Brought to you by Visit Redding
Sitting right outside Redding, California is one of the most underrated National Parks in the United States, loaded with pristine wildlife, beautiful hikes, pristine waterfalls, crystal-clear lakes and an active volcano. It’s typically not one of the National Parks you’ll hear when listing America’s most popular parks, and that’s a good thing.
At Lassen Volcanic National Park , you can experience a top-notch outdoor experience without the crowds you see at Yosemite or Yellowstone. And even with it’s lack of tourists, for our money, you won’t find more outdoor beauty in one wilderness area than in Lassen.
Did we mention it’s easy to get to? Just a 45-minute drive from Redding, you can be up in the wilderness first thing in the morning and be back in town for a hefty meal and craft beer at night. For people looking to visit Lassen for a far distance, the Redding Airport offers daily flights from San Francisco and has even recently added a flight from Los Angeles.
So nothing’s holding you back from a outdoor adventure for the ages at Lassen Volcanic National Park. Now that you’re sold, here are the 8 best adventures in the park for your upcoming trip:
Summit Lassen Peak
It’s hard to beat the experience you get when you’re standing at the summit of a significant mountain, especially when it’s an active volcano. The hike to the top of Lassen Peak is not a strenuous as one might think and you will experience amazing views of Lassen Volcanic National Park and the Northern California surroundings.
There’s no question why the Lassen Peak hike remains the most popular in the park. It’s not particularly strenuous and is a great memory for anyone looking to experience the beauty of the world.
Here is all the hike info:
Start: Lassen Peak parking area
Round Trip Distance: 5 miles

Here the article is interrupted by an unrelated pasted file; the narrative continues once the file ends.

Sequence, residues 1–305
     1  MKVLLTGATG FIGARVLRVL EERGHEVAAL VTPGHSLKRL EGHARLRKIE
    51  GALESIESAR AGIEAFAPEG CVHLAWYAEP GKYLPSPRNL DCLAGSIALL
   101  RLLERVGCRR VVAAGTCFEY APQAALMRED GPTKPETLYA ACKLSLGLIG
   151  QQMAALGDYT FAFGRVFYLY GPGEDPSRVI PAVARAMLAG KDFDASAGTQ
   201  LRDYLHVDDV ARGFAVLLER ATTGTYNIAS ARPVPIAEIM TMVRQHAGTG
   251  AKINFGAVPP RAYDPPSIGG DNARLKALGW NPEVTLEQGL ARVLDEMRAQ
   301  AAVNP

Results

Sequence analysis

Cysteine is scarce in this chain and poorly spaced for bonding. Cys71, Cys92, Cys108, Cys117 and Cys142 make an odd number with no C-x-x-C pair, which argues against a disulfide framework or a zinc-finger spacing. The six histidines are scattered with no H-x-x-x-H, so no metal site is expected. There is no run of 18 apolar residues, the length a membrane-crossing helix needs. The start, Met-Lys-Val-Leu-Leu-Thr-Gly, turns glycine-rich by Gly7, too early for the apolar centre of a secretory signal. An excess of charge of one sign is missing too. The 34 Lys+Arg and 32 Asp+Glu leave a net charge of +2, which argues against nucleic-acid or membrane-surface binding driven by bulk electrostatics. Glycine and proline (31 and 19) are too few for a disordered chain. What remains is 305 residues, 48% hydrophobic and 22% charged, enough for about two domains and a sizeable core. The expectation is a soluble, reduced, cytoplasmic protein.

Round Trip Time: 3-5 hours
Terrain: steep 2000 foot elevation gain
Elevation: 8500 feet at trailhead, 10,457 feet at summit
Hike to King’s Creek Falls
The trail to Kings Creek Falls in Lassen Volcanic National Park probably sees more hikers than any other route in the park during the warmer months.
A 3-miles roundtrip walk on the path includes jaunts through peaceful woods, a stroll around wildflower-speckled Kings Creek Meadow and the main attraction, tranquil Kings Creek Falls. For a short hike, it offers a lot of different scenery. If you’re a novice hiker or just getting to know Lassen, you should head to the Kings Creek Falls trailhead.
Find a Wildlife Utopia at Manzanita Lake
One of the most popular places for recreation in Lassen is at Manzanita Lake, which sits right at the north entrance of the park. In fact, it’s the closest destination in Lassen if you’re driving from Redding. At the lake, you’ll discover a lake that’s chock full of wildlife and probably the best way to spend a relaxing day in the park.
Near the Manzanita Lake parking lot, you’ll find a small boat dock that launches kayaks and paddleboards into the lake that doesn’t allow motorized boats. You’ll most likely see fly fishermen on float tubes trying to catch one of the many brown and rainbow trout in the lake. You’ll also see wildlife – A LOT of it. When we recently took the short, flat hike around the lake, we were met with sightings of bluejays, Canadian geese, otters and multiple encounters with deer.
Manzanita Lake also gives hikers some of the best views of Lassen Peak in the park. Photographers flock to the lake to get the coveted photo of the volcano reflecting on to water, which is best seen during sunrise or sunset. Watch the video below to see what it’s like to take the relaxing hike around Manzanita Lake:
Make the Tricky Trek to the Top of Cinder Cone
Lassen Volcanic National Park can be accurately described as both a geologist’s wonderland and an adventurer’s paradise. The hike to Cinder Cone combines both characterizations. A notable geological feature, the 700-foot Cinder cone was formed from scoria or gas-charged lava rocketed into the sky during a volcanic eruption. The Fantastic Lava Beds as well as the Painted Dunes, which flank Cinder Cone, also serve as a reminder of the volcanic origins of the area.
After a gentle hike for the first mile or so at the beginning of the trail, prepare for the strenuous climb to the top of the cone. As you climb, be on the lookout for views of Lassen Peak, Chaos Crags, Prospect Peak, Snag Lake, the Fantastic Lava Beds and the Painted Dunes. At the top of the cone, you have the option of traversing down into the cone’s crater (highly recommended). Cinder Cone is a must-hike for frequenters of Lassen or those with an interest in our region’s geology.